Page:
Environmental Issues - Course Requirements & Information
Welcome to Environmental Issues, ENVL4300. Issues is one of the core courses required by the Richard Stockton College Environmental Studies Program (ENVL). The instructor this semester isJamie Cromartie. This is a course for students who have completed most of the other requirements for an ENVL degree, including ALL the other core courses. We will assume that everyone has a basic familiarity with the environment and some intermediate and advanced coursework in one or more areas.
This course includes a lab, ENVL4305, which you must take at the same time as ENVL4300.
In Environmental Issues, we will study and reflect on the interaction between humans and the earth. People describe this relationship in many ways: as sacred, as exploitative, as symbiotic, and as destructive. Some people predict future catastrophes, others increasing bounty. We will try to understand these differing views and decide which ones contain the truth.
In order to sort out truth from falsehood, we will need to consider the ways people live on this planet, both as individuals in their daily lives and as participants in organized group activities, like commerce and government. We will consider the effects of those many actions, individual and group, on the rest of the planet - its biosphere, atmosphere, hydrosphere and lithosphere, that is, the environment
THE COURSE.In ENVL4300, we will consider these topics from several perspectives. The classroom part of the course will begin with a look at global issues, including population growth, destruction of natural ecosystems, global warming and ozone depletion. National issues will come next, followed by state and local issues. At each level, we will consider how the problems facing us have developed and in what ways decisions are made and plans are put into action.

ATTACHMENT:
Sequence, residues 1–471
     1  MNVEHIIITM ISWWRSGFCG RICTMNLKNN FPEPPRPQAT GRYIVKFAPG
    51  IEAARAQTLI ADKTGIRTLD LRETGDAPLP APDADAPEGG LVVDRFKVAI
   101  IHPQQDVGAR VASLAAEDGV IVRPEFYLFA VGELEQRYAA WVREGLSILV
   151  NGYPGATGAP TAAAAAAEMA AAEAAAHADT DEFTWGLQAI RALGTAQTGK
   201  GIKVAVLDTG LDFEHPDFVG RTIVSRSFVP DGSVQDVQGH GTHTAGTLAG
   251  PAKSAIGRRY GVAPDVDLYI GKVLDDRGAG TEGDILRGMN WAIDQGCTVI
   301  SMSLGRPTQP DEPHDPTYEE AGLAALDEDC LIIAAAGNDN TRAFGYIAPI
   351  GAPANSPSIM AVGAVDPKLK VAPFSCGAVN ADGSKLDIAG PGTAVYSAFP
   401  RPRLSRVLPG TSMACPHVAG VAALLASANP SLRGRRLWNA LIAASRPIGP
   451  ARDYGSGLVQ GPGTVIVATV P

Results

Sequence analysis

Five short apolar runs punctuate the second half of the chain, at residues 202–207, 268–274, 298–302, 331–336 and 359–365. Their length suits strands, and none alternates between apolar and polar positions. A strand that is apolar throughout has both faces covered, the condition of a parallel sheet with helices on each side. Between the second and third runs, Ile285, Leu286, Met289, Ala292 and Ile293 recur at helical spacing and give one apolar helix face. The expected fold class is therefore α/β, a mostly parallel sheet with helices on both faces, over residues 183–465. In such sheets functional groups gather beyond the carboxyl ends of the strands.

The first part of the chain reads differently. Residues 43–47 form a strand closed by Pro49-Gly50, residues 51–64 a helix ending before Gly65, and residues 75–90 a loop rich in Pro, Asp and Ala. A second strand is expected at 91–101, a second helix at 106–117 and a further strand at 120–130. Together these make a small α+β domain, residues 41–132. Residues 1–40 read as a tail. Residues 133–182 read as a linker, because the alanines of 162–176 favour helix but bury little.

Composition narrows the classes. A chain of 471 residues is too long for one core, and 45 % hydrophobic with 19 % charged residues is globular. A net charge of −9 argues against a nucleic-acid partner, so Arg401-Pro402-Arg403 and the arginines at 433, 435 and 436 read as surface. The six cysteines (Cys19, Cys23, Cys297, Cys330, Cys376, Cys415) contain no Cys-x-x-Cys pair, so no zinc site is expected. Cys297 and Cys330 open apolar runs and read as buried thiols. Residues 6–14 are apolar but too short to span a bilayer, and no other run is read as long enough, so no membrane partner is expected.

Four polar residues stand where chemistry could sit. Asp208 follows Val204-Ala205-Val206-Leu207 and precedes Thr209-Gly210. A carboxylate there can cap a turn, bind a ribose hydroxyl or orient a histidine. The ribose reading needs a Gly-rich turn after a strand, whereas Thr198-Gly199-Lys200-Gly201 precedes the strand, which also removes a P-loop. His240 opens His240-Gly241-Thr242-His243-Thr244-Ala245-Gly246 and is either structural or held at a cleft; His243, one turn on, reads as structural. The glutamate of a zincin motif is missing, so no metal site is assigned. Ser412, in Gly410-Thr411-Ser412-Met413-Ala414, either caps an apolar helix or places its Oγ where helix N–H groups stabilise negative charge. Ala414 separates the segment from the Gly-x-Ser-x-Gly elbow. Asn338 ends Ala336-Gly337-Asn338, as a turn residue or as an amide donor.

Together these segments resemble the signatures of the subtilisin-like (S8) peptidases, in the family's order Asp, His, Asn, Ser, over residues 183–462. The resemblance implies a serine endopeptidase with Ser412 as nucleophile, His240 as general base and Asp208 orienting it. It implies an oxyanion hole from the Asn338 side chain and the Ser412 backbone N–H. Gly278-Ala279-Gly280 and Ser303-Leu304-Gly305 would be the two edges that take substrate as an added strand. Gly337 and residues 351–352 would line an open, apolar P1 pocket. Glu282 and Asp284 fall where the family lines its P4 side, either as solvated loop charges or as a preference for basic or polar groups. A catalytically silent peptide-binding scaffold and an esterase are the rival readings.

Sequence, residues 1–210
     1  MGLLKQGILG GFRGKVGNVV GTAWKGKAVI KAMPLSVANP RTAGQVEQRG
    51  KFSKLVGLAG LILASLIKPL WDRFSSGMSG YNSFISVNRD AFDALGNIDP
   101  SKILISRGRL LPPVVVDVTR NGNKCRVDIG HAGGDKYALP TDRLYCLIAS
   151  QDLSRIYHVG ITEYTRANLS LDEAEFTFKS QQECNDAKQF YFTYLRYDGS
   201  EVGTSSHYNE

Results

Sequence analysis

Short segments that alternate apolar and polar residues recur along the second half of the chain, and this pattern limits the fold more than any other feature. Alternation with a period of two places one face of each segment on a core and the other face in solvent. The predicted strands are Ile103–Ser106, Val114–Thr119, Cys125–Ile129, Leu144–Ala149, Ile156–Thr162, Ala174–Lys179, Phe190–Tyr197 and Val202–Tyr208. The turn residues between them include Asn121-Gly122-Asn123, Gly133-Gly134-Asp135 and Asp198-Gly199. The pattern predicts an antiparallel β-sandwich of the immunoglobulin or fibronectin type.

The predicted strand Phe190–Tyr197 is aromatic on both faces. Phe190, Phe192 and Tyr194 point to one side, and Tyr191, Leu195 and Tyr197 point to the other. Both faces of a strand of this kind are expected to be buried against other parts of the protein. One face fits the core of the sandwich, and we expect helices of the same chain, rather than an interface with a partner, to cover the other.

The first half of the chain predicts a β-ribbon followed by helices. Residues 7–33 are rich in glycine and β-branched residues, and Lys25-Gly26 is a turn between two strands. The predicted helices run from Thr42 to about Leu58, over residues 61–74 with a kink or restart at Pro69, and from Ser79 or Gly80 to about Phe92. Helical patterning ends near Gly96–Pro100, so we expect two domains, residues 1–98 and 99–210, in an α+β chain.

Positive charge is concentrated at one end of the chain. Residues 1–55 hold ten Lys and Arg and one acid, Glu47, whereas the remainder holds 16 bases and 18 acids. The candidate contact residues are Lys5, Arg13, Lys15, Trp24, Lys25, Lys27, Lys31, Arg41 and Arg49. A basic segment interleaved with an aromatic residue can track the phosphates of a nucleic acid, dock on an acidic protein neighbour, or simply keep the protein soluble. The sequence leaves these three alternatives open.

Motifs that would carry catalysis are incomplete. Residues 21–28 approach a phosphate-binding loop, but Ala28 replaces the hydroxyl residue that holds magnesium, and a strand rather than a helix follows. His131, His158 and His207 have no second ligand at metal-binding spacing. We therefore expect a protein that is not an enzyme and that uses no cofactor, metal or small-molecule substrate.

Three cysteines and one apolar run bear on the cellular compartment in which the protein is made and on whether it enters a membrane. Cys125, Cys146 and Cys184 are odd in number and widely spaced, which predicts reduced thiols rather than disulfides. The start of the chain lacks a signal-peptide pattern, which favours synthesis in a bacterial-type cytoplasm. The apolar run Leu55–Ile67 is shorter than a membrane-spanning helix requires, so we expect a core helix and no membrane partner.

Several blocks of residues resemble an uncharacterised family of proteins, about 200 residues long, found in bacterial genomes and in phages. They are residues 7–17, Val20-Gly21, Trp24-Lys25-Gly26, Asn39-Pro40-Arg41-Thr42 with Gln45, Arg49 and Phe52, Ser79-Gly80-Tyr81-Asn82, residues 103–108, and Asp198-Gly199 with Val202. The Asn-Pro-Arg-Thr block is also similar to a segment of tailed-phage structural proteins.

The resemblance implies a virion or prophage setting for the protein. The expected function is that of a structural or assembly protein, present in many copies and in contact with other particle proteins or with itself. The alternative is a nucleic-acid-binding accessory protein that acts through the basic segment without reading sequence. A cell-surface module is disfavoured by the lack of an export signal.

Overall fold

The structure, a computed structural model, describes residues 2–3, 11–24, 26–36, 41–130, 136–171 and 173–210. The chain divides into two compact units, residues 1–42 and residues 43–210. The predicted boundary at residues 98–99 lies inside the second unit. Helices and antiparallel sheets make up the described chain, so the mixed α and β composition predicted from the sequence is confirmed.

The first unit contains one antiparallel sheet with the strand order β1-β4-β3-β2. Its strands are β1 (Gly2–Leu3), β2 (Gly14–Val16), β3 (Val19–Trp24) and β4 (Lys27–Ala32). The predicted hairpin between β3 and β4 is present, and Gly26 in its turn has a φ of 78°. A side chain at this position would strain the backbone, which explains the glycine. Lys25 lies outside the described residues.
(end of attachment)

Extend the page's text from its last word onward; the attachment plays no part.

From another perspective, on each of these levels, similar elements are interacting. People in their daily lives do many things that affect the environment on a local scale, but through travel and communication and commerce, these effects are transmitted to the higher levels: state, nation and world. The economic system is one way this happens - systems of exchange of goods organized as markets extend from the local to the global level. Today, these are organized along capitalist or socialist lines, less advanced systems having been displaced (except among surviving indigenous peoples).
Government exists at all levels alongside the economic system and interacts with it and with peoples' daily lives in complex ways. It generally tries to maintain a monopoly on the use of threat and coercion including judicial, police and military power. It also may provide peaceful means of settling disputes and a known system of rules that apply to society. It may provide social welfare and support for education, science, etc. It may regulate the financial system and other aspects of the economy. Governments may be organized along democratic lines, but many nations still are ruled by dictators (especially military) or by oligarchies (often consisting of a wealthy elite). Increasingly, protecting the environment is believed to be an essential function of government.